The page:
The HTAP process began in August of 2008 at a cost of $50,000 paid by The Salem Urban Enterprise Zone.  HTAP works with hospitals and other healthcare providers across the state of Indiana to facilitate improvements in patient care and efficiency of operation.  For additional information on the work done the Purdue program visit its website at http://www.purdue.edu/dp/rche/htap/index.php.
Last Updated on Thursday, 19 February 2009 13:39
 
Salem Common Council Meeting PDF Print E-mail
Thursday, 19 February 2009 00:00
    The Salem Common Council met in regular session on Monday evening, February 9, with all members present except for Pete Brown; Brown is recovering from extensive back surgery.  The Council approved the minutes of previous meetings and all claims unanimously.
    After reviewing the financial statement prepared by Salem Clerk/Treasurer Pat Persinger, Council members noted that the February 10 property tax draw should help the tough economic situation that city government is facing.  Mayor David Bower reminded the Council members that his administration continues to look for ways to save money without cutting services.
    One example of cost cutting that Bower pointed to was his recommendation for Salem to withdraw from the Indiana Utility Regulatory Commission (IURG).  According to Bower and Persinger, any time the city wishes to take on a major infrastructure project, complying with IURG guidelines adds considerable cost to the project.  That cost must be absorbed by the taxpayers.  Bower cited the proposed project to raise the level of Lake John Hay as a prime example of how Salem can save the taxpayers money by withdrawing from IURG.  Bower said if the city goes ahead with the project without going through the IURG it will mean a savings of over $200,000 on just this one project alone.  City Attorney, Drew Wright gave examples of nearly 300 Indiana cities and towns that have withdrawn from IURG over the last three decades for the same reasons cited by Bower.
    In other business, Persinger requested Council approval to obtain a credit card for the city.  Persinger said that making travel reservations and ordering needed supplies online are all but impossible without a credit card.  She also indicated that considerable savings can be realized in some cases if payment is made when an order is placed rather than having it billed.  Salem Police Chief, Scott Ratts, chimed in to support Persinger’s request, noting that the price his department pays for certain electronic equipment ordered online is as much as 25% more than what the Washington County Sheriff’s Department pays for the same items by using a credit card.  After lengthy discussion and an agreement on usage limitations, the Council approved Persinger’s request.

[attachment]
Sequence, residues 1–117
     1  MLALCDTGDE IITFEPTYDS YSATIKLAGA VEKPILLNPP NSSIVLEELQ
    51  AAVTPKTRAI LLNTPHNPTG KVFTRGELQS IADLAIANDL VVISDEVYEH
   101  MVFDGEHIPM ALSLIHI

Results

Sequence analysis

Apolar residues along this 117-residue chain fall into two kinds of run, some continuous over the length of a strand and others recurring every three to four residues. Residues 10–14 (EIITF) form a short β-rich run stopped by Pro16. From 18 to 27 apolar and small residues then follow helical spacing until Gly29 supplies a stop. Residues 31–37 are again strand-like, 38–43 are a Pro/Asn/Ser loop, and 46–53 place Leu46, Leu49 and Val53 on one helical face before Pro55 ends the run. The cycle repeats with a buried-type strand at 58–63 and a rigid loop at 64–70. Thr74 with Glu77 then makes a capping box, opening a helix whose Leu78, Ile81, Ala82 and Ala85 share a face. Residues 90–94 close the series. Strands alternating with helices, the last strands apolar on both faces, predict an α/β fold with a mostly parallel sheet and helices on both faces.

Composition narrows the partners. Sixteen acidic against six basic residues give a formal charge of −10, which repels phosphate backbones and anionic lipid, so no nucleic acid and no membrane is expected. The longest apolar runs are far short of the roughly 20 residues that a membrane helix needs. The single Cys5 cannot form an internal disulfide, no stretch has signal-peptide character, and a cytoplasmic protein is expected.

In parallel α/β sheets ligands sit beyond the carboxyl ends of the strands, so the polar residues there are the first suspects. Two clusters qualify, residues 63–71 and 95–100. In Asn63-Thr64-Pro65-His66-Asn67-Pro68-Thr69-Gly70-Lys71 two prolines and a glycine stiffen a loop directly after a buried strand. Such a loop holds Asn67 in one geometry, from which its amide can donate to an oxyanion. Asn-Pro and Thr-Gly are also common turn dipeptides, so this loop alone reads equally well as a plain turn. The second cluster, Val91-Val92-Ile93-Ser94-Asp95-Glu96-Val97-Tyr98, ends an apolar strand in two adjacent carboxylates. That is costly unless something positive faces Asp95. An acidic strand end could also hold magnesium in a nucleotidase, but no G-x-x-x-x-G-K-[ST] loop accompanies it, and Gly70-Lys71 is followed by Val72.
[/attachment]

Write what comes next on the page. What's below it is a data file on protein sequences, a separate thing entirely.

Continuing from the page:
Two city department heads came before the Council requesting a revision in the city’s personnel policy regarding employee sick leave.  The Council agreed to take the department heads’ request under advisement.
    With no further business to conduct, the Council adjourned until its next regularly scheduled meeting on Tuesday, March 10.

Last Updated on Thursday, 19 February 2009 13:41
 
IU School of Optometry closes Rural Eye Clinic in Campbellsburg PDF Print E-mail
Written by Administrator   
Thursday, 19 February 2009 00:00
    The rural eye care services offered through Campbellsburg Family Health Care Center have been discontinued as of the beginning of the year.
    IU School of Optometry community outreach director, Dr. Jeff Perotti said, “That the School of Optometry would like to continue providing rural eye care health services at the Family Health Center in Jeffersonville.” Perotti also added that programs like Volunteers in Medicine in Monroe and Owen counties and the Eye Care Community Outreach Program (ECCO) that serves eight central Indiana counties will operate unchanged.
    “We will continue to look for ways to serve the communities in need.” he added.”We always regret having to make difficult decisions, especially in difficult times. However, we remain committed to training the best eye care providers in Indiana, for the nation and the world.”
    Eye care patients who wish to obtain their eye clinic records should contact the Campbellsburg Family Health Center at 755-4443. The closest remaining rural eye clinic in Southern Indiana is located at 1319 Duncan Avenue, Jeffersonville. To schedule an appointment there call 812-285-5980.
    For more information contact Dr. Perotti at 812-856-3815 or Steve Chaplin, IU Office of Communications, at 812-856-1896.
Last Updated on Thursday, 19 February 2009 13:43
 
Community First Bank to be lender for Bradie Shrum HVAC project PDF Print E-mail